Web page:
Plastic waste a growing problem

Wednesday November 15, 2017 Written by Published in Environment
Plastic baled up at the Rarotonga landfill, ready to send to Malaysia for recycling earlier this year. The shipment was the first of PET plastic sent from the island in three years. 17111326 Plastic baled up at the Rarotonga landfill, ready to send to Malaysia for recycling earlier this year. The shipment was the first of PET plastic sent from the island in three years. 17111326

Cook Islands “plastic problem” is getting worse, says Water, Waste, And Sanitation (WATSAN) director Jaime Short.

 

Short says that despite all of WATSAN’s efforts, Rarotonga is being inundated with plastic waste.

So far, the Cook Islands has sent 64 tonnes of plastic waste overseas in a bid to rid Rarotonga of mass waste, with a shipment going to Malaysia earlier this year.

Short says that along with the promotion of the “4R” principle (Refuse, Reduce, Reuse and Recycle), WATSAN is organising an agreement with Recycle Cook Islands and General Transport to move recyclables off the island, and is drafting legislation which will lead to the establishment of a Solid Waste Act. The Act will make sorting of rubbish and recycling compulsory – something Short says is imperative.

The organisation is also preparing a “single use” polystyrene ban policy, which will be available for public comment from this week till the end of November.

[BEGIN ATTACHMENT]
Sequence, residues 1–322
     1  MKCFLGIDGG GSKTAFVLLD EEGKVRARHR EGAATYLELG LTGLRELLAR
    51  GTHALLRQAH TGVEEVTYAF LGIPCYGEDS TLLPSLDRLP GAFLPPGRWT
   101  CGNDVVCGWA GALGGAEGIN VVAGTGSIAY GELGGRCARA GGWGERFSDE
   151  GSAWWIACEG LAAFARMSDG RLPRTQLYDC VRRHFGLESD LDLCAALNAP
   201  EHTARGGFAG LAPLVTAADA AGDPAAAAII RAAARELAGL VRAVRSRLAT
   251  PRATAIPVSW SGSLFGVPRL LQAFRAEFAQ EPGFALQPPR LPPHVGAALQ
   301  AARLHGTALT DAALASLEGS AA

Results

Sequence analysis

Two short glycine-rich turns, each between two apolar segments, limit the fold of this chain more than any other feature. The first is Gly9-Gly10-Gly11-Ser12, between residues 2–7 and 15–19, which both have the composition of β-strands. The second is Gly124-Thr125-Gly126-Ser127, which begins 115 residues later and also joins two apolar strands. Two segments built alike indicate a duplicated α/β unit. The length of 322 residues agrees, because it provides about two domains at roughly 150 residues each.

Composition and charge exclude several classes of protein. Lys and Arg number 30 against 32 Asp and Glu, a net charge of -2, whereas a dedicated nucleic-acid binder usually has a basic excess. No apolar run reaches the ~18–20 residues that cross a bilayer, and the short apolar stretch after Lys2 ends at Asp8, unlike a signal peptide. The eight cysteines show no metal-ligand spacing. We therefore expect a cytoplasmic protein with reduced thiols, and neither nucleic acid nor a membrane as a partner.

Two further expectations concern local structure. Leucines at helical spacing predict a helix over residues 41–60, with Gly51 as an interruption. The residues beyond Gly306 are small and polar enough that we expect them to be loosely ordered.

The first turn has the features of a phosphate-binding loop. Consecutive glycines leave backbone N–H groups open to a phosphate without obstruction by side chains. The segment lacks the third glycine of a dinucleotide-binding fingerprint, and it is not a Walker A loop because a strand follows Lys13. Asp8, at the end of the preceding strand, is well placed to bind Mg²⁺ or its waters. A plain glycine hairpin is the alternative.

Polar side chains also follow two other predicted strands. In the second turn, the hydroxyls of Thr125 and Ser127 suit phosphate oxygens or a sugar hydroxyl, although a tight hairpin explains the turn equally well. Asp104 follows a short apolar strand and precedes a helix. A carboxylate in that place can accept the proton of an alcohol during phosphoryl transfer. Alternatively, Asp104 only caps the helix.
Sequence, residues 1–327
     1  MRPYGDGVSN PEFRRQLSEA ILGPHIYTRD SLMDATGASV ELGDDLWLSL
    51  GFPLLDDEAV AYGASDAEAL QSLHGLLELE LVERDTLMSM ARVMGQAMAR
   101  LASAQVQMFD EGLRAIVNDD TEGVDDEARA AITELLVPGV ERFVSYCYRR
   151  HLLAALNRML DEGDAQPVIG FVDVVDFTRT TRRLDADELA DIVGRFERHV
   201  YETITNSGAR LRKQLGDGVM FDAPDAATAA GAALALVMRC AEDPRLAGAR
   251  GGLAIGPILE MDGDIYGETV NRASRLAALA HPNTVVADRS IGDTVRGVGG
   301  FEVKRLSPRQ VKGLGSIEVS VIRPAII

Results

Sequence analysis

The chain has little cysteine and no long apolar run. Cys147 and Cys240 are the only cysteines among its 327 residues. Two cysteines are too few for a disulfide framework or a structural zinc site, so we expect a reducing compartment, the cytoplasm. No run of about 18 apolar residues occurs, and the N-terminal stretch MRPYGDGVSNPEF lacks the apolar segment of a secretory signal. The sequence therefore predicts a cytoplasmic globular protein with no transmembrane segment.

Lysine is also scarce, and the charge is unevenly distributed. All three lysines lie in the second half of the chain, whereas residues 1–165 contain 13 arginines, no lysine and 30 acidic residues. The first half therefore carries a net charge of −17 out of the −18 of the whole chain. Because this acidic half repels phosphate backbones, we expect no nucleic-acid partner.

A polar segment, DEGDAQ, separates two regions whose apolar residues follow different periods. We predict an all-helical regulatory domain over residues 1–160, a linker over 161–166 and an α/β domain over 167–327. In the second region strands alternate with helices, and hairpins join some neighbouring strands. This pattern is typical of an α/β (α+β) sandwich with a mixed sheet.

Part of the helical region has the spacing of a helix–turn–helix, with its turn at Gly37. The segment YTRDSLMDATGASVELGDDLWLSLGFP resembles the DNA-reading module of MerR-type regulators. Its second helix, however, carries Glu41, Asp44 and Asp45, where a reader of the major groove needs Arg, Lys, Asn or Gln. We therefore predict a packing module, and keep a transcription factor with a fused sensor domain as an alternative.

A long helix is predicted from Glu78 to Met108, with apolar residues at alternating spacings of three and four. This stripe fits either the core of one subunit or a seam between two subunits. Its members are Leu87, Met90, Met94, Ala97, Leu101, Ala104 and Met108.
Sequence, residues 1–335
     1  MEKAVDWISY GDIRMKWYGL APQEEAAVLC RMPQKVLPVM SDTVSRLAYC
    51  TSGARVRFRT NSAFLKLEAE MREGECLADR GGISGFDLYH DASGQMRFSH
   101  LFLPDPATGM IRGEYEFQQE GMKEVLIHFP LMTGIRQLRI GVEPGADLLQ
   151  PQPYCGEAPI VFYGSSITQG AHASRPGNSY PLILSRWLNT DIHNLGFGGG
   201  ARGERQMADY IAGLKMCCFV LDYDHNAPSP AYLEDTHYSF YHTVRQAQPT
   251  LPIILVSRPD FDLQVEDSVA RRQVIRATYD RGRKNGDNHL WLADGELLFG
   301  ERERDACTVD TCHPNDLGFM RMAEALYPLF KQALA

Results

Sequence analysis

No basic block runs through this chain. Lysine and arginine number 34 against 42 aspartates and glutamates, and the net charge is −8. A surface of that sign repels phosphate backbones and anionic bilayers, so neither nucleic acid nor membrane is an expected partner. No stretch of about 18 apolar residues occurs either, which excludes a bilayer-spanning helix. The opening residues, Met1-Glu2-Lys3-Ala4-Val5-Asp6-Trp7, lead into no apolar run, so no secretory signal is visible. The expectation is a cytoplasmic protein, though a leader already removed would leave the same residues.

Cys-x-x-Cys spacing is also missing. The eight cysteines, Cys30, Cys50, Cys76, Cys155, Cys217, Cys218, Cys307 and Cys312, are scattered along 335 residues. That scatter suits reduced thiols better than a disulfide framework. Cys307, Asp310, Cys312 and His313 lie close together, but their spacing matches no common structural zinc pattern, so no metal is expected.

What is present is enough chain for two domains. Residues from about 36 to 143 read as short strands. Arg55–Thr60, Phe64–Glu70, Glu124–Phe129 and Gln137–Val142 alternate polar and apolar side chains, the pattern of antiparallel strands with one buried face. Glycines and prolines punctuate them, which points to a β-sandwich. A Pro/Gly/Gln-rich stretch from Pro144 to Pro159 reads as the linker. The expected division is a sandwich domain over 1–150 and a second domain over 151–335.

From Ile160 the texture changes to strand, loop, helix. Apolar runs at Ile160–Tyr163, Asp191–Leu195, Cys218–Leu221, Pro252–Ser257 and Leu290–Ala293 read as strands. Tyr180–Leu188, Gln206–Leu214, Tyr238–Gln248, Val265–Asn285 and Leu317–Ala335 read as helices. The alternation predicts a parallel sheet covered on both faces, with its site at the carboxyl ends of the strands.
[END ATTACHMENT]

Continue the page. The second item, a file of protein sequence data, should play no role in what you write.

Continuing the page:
“We have also produced a solid waste management policy.”

Short says the island’s waste output is far too high, and urges people to take note of what small changes they can make in their homes to stop the strain on the country’s landfill, which is already full.

She says the advanced disposal fee (ADF) is key to answering many of the waste problems.

An advanced disposal fee is a sum placed on the price of products such as bottles to cover refunds to the customer when they return empties and to pay for their recycling or safe disposal. 

“A 500ml soft drink bottle may cost $3.50. We add 10 cents for the refund (to encourage returns/sorting), 1 cent for the recycler contractor, and 4 cents to go towards infrastructure such as compacting equipment, freight, fumigation, reverse vending machines etc.

Short says not enough people are aware of the concept and the role it could play in decreasing Cook Islands waste problems.

When asked about the prospect of the Cook Islands banning the importation of plastic Short says the best option would be to import products with less or no plastic packaging. 

“Plastic as a packaging product can be controlled by the importers and manufacturers. Importers can choose not to bring in goods that have excessive packaging or choose products that have biodegradable packaging.

“The 4R’s (reduce, reuse, recycle, recover), is how we want the whole waste management system and its legislation to operate.”

She urges the public to strongly consider their use of plastic and to follow the 4Rs.

“Make wise choices.

“Say no to plastic bags, choose a soft drink in an aluminum can, rather than a plastic bottle. Choose soap in a paper or cardboard wrapper rather than soap gel in a pump bottle and buy yoghurt in a carton rather than small plastic pots. 

“All these small individual behaviour adjustments mean a whole lot less plastic to deal with.”

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